The “nine-year change” or the “Rubicon” as it is otherwise known, signifies the phase in human development when the child moves out of the symbiosis with the adult world and begins to get a stronger sense of his/her own individuality. This crisis, meant in the most positive sense of the word, is met in the curriculum with creation stories from all over the world, an agriculture block and a house building block. Thus, the child is given the opportunity to relate, on an unconscious level, to the idea of the creation of an individual human being on this earth and how he/she began to create his/her own space.
As the child approaches the developmental phase of moving out of the symbiosis with the mother/father and the world, the question, “Where did I come from and how did it all begin?” begins to awaken in the child. In order to offer the child an opportunity to find an echo for the unconscious questions, stories about the emergence of the world and all that there is in it are offered to the children.
In their individualization process, the most varied, imaginative, multi-faceted ways to approach these questions from ancient civilizations to modern day explanations are provided to the children.
Math, reading and writing skills are further developed and are often related to the content of the agriculture/house building blocks. Cursive handwriting is introduced and the children get the opportunity to learn how to express themselves on paper in a beautiful way. The content of what they are writing becomes much more complex and more independence from the teacher is encouraged in the reading and writing. Books are offered in the classroom and comprehension texts are given to the children to ensure that they are really able to understand not only literary texts but also more factual texts.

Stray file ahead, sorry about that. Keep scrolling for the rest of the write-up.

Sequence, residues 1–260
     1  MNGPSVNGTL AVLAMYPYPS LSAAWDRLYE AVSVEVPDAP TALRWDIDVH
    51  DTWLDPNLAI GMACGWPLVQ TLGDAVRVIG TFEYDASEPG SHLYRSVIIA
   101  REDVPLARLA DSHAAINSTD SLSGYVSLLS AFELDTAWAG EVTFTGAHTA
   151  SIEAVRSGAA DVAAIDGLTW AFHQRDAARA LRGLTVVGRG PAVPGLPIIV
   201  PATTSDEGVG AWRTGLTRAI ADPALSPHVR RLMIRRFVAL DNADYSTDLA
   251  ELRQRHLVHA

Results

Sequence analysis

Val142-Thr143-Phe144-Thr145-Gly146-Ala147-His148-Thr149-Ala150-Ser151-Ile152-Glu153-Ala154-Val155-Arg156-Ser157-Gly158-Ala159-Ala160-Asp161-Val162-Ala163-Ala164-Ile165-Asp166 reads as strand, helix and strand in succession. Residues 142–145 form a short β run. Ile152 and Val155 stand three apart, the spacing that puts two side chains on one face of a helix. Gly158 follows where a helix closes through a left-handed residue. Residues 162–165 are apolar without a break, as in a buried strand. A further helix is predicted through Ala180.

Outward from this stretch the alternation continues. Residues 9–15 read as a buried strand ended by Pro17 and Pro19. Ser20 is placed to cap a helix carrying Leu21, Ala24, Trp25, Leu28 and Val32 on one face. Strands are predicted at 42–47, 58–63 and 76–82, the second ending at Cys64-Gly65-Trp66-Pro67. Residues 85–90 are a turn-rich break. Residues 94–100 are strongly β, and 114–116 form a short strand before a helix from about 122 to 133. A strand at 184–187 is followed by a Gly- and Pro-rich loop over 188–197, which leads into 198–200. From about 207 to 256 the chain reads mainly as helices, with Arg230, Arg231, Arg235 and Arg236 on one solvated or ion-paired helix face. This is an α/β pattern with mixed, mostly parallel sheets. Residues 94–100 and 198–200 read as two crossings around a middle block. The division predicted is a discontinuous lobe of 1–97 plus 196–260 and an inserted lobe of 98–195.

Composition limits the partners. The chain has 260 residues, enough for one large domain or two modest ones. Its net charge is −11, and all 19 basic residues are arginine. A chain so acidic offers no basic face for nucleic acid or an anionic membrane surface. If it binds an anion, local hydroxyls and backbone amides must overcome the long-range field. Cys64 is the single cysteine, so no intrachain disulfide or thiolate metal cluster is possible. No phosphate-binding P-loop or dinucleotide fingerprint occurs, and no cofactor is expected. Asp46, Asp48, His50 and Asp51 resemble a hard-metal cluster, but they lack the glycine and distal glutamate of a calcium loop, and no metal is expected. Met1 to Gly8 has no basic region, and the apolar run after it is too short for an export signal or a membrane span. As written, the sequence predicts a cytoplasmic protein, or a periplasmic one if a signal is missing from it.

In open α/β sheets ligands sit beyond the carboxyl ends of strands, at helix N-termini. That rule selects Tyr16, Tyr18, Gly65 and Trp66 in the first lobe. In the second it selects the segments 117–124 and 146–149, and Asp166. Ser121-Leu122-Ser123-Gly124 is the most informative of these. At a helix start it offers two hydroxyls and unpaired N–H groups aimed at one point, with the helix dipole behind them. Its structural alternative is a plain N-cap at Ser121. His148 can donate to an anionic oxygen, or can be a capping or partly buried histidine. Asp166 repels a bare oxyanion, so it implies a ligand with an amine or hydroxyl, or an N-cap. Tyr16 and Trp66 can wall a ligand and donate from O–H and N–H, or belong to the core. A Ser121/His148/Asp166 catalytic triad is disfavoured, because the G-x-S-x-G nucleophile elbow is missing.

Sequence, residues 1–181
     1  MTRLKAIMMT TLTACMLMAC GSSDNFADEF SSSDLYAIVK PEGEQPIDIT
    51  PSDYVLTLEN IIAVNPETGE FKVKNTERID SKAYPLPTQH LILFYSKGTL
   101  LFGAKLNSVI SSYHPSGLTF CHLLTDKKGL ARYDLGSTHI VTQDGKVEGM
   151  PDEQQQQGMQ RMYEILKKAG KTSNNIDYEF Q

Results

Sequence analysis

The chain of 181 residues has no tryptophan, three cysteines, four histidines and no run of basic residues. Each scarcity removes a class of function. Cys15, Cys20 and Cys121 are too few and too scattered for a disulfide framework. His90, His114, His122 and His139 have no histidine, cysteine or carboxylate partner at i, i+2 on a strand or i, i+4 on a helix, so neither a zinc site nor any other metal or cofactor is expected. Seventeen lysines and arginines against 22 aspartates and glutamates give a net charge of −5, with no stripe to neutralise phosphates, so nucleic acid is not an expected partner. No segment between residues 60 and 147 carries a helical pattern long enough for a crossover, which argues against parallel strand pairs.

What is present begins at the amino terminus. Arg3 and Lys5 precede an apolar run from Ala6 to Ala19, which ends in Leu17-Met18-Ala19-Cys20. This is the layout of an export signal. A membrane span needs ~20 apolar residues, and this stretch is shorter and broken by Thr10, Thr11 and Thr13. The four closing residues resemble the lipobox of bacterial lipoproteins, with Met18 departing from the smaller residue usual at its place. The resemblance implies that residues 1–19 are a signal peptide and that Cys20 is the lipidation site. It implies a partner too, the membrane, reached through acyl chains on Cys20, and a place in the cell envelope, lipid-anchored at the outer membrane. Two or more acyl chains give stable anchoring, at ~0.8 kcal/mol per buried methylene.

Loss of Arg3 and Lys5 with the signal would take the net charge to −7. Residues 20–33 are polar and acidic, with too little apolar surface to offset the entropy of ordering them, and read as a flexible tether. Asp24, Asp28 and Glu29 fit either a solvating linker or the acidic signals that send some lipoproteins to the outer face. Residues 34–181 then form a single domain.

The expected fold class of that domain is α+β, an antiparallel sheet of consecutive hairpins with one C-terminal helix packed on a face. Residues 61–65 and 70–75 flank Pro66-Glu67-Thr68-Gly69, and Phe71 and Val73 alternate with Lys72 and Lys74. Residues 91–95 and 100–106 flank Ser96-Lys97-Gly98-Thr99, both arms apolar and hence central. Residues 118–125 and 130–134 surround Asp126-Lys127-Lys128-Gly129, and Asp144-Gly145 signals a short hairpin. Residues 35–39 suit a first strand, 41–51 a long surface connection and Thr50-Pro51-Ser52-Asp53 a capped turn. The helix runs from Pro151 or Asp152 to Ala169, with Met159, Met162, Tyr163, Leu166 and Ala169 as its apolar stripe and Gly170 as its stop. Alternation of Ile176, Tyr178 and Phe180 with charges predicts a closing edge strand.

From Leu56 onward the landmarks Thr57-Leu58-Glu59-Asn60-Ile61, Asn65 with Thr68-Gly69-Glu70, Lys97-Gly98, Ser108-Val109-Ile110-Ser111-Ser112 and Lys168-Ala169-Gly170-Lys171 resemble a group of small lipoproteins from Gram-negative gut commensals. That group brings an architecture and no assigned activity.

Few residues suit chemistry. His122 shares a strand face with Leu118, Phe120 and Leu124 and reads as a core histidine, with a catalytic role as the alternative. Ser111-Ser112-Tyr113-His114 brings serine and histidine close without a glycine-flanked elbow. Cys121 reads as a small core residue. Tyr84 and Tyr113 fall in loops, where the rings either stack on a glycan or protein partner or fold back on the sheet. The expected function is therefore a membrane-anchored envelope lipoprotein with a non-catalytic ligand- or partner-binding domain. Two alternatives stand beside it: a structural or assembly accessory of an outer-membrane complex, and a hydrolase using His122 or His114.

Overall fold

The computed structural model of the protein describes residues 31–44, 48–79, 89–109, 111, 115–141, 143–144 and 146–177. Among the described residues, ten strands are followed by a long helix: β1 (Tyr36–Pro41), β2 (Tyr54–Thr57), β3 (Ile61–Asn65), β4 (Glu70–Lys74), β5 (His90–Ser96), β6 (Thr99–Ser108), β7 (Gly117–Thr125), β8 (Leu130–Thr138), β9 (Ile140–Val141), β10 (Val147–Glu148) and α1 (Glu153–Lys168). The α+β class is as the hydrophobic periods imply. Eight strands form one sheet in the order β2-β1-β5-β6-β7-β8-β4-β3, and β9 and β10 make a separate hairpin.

The first grammar block allows the children to become aware of the kinds of words that we use – nouns adjectives and verbs are the main focus in the Third Grade grammar block. Vocabulary is expanded in a context. Each block (even the mathematic blocks) allows for the practicing of written and oral language.
Additional Blocks in Grade 3 are:
As the children experience themselves as individuals, the study of agriculture and how the human being began in certain parts of the world to settle and grow her/his own food consciously is a very important contribution to understanding one’s own independence and what responsibilities this process brings with it. Once the human being started to settle and farm, she/he had to take care of the animals that were no longer free and they had to take care of the land that they were now using very differently to how nature used it.
Studying how human beings began to build shelters to protect themselves, the variety of shelters around the world and how again, a great deal of care had to be taken in order to build a sound shelter, gives the child an echo of the “shelter” she/he is now building as an emerging individual, separate from the adults around her/him. In the course of writing about farming and shelter building, writing skills are honed both on the handwriting level and on the content level.
Third graders are introduced to long division and double-digit multiplication, as well as longer word problems. A focus on measurement, with lessons on linear measurement, liquid and dry volume, time and temperature, emphasizes the practical application of math. Students are expected to know their multiplication tables; mental arithmetic games help to strengthen math skills. Form drawing continues to prepare children on their work in geometry.